Interview With Author Dr. Susan M. Weinschenk

Please introduce yourself and your book(s)!

I’ve written many books. My most popular books are 100 Things Every Designer Needs to Know About People, and How to Get People to Do Stuff. I have a Ph.D. in Psychology and founded a consulting company called The Team W, Inc. We consult, teach, write, and speak on brain and behavioral science applied to design.

What is/are the real-life story(ies) behind your book(s)?

I am endlessly fascinated by people, and my books are all about translating brain and behavioral science in a way that is practical and useful, but also aligns with what the science is actually telling us.

What inspires/inspired your creativity?

Using my brain to come up with new ideas as well as figure out how to communicate others’ ideas (for example, researchers) to new audiences inspires me. My brain is always going 100 miles and hour, and writing and creating is what I love to do.

How do you deal with creative block?

Writing books, or ANY other form of creativity is all about working WITH the natural way your brain works. I have studied the research on what goes on in your brain when you are being creative. This means I understand the things to do and not do in order to work WITH your brain, not against it. (I have an online course on this topic!).

Here is what I would have to say about creative block:

1. Make sure you are working with the natural ways your brain works to be creative.
2. Creative block is sometimes not creative block. Sometimes it’s just procrastination. There’s another whole science about that! When I am working on something like writing a book, it’s not the creative part that’s hard, it’s the carrying through on details that can be hard. And so you just have to slog through the hard work. I also have an online course on productivity! There’s a science behind that too. Many writers face the same issues, and many would say the same things: take a break, get some exercise, set a time and place where you work, and just be disciplined and do it.
3. I am very patient with myself. You have to understand your own creative cycle. I have learned over the years that I work in 3 month/6 week cycles. I will be very productive and very creative for 3 months. And then I slow down and go into an approximately 6 week period where I do not feel motivated, don’t have any new ideas and so on. Years ago the 6 week “down cycle” would be very disheartening and I would wonder whether I’d ever have good ideas again. But over the years I have come to recognize these cycles, so when I am in a “down” cycle, I just do other necessary and unexciting work, like clear off old files on my computer, clean my office, and so on!

What are the biggest mistakes you can make in a book?

Not knowing who your audience is and/or not writing to fit what they want/need/like

Do you have tips on choosing titles and covers?

For covers… hire a great book cover designer! For titles, go with your gut.

How do bad reviews and negative feedback affect you and how do you deal with them?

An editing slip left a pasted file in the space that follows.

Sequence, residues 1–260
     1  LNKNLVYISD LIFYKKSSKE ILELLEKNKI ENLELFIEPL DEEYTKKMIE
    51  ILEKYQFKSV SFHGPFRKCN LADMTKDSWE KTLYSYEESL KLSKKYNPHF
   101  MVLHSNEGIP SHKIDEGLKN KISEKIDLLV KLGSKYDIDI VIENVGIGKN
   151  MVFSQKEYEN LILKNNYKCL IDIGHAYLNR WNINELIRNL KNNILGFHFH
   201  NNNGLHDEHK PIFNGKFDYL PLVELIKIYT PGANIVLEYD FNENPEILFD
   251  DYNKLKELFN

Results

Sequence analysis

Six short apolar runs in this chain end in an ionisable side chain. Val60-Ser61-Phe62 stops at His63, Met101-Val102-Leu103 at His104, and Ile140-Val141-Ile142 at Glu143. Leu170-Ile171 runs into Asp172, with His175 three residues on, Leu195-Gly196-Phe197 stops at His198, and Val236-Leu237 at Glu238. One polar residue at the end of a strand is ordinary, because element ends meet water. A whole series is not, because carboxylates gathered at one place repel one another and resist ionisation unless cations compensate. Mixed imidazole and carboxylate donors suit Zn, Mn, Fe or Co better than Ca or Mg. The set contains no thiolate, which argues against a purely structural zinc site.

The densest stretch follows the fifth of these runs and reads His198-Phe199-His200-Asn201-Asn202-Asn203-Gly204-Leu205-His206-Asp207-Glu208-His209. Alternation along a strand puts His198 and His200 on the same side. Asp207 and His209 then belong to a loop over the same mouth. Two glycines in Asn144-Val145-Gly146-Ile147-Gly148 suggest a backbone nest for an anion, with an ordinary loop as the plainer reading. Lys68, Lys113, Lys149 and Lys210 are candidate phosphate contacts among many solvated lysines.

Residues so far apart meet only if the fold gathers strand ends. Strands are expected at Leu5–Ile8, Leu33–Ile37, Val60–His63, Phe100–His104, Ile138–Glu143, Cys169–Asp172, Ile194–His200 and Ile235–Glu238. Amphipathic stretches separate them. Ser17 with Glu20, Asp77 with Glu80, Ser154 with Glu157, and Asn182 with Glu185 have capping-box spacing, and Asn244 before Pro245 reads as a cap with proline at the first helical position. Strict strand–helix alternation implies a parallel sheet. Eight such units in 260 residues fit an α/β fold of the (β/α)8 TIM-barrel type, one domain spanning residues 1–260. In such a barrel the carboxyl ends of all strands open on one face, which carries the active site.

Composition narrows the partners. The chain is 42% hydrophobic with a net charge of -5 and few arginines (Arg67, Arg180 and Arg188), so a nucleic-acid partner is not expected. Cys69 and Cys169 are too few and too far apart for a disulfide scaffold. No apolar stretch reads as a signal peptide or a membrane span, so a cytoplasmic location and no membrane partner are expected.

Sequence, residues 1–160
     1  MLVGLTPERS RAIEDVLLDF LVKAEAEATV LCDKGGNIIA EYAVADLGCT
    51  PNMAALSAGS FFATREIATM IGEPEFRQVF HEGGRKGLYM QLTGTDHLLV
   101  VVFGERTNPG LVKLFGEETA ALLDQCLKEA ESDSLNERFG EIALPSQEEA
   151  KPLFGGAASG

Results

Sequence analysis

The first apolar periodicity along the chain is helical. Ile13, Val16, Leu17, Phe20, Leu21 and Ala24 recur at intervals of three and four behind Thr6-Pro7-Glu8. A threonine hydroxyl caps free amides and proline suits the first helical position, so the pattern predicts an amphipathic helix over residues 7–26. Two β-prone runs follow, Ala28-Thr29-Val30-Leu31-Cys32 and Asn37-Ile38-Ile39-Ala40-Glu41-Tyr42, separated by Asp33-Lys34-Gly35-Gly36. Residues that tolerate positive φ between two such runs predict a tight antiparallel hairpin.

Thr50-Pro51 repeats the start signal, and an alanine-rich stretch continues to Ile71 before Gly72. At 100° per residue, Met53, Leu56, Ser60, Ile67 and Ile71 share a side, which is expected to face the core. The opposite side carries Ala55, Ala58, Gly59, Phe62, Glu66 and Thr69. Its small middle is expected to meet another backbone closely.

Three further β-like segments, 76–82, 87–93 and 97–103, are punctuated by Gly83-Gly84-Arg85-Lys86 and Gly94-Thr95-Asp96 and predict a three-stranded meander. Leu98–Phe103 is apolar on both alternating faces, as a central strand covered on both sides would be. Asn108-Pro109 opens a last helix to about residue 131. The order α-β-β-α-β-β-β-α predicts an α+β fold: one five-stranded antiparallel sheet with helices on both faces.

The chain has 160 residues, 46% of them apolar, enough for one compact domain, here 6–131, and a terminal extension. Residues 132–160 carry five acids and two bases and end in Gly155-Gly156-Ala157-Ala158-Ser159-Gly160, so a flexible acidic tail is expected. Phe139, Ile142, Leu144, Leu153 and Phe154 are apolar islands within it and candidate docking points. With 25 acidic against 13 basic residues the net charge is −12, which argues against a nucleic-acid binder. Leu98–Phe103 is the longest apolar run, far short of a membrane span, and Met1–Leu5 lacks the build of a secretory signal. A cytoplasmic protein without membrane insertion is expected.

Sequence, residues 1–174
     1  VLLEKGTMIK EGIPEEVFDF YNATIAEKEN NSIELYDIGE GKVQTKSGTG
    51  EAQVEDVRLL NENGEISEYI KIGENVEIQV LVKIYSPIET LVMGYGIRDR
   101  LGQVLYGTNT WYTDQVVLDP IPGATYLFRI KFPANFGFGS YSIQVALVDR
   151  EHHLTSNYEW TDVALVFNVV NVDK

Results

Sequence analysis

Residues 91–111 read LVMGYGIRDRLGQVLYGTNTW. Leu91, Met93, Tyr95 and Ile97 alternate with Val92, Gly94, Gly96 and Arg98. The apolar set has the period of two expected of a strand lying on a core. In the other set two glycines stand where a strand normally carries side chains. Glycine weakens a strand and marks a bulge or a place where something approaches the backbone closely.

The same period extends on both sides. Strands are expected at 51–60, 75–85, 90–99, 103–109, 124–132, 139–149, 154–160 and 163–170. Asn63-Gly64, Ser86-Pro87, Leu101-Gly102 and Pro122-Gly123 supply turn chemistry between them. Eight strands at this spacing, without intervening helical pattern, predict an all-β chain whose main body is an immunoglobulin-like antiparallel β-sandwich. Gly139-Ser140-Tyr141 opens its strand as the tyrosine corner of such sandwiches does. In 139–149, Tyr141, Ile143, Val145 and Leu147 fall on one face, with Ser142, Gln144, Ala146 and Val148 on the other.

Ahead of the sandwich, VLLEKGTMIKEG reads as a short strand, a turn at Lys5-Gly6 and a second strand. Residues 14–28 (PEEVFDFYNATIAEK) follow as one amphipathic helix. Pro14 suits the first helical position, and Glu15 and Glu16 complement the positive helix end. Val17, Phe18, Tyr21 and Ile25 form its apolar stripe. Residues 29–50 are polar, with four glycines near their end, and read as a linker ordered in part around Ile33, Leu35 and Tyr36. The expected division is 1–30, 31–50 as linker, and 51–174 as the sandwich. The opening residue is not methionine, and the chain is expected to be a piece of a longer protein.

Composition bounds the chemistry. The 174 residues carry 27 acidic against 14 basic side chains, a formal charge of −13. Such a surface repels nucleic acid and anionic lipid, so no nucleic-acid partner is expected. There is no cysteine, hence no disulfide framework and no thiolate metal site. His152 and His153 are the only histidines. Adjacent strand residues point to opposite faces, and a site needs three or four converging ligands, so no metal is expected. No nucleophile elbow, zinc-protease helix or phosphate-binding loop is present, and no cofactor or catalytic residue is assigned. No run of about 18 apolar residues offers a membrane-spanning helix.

They are a part of a writer’s life. Listen to them, see if there is something useful in them, take note of that for the “next time” and move on.

How has your creation process improved over time?

It’s different every time! The process depends on lots of things, including the particular book. The process is more efficient and faster, but basically I have learned to let the process be part of my creativity — if I get an idea that for this particular book I should do the process differently, I follow that inspiration. That’s part of the creative process too.

What were the best, worst and most surprising things you encountered during the entire process of completing your book(s)?

Best: how much people liked the books;
Worst: how long it takes to create a good index; how much work it is to get a bibliography formatted correctly; How years later I can still find a typo or other error! No matter how hard we all proof the book.
Surprising: how much “staying power” one book in particular has (years later it’s still selling well)

Do you tend towards personal satisfaction or aim to serve your readers? Do you balance the two and how?

Both. A big part of personal satisfaction is knowing that I have served the readers. However, I do also get a lot of personal satisfaction in taking an idea for a book and making it a reality in my own way.

What role do emotions play in creativity?

This goes back to my comments about what I know about the science of creativity. As much as I think we can’t separate emotions from thinking, I actually think emotions play a very small role in creativity (from the neuroscience point of view at least)

Do you have any creativity tricks?

Hard to detail this without detailing the science of creativity, but let’s just say that in order to be creative you have to set the problem or idea you are trying to work on, and then you have to go away and STOP working on it. So, figure out what is the activity that is your “go away” activity. I have don 90% of my creative work in the shower. AND make sure you ALWAYS have a way to record the ideas you get during your “go away” activity. I ALWAYS have my cell phone right outside of the shower so I can record (literally voice record) the ideas I get while in the shower, and I have a pad of waterproof post it notes and a waterproof pencil IN the shower. And then I just live with the idea that I will always have a large hot water bill.

What are your plans for future books?

Tossing around a few at this time, but haven’t settled on anything.

Tell us some quirky facts about yourself

I don’t know how “quirky” these are, but my creativity is also what drives my song writing. I compose and perform original music.


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